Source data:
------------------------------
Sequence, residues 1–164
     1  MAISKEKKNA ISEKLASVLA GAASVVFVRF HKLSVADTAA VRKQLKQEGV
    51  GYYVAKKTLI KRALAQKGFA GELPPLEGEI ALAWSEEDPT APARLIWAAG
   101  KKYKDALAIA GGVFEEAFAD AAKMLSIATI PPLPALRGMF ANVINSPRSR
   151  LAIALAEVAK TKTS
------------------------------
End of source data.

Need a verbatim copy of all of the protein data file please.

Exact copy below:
Sequence, residues 1–164
     1  MAISKEKKNA ISEKLASVLA GAASVVFVRF HKLSVADTAA VRKQLKQEGV
    51  GYYVAKKTLI KRALAQKGFA GELPPLEGEI ALAWSEEDPT APARLIWAAG
   101  KKYKDALAIA GGVFEEAFAD AAKMLSIATI PPLPALRGMF ANVINSPRSR
   151  LAIALAEVAK TKTS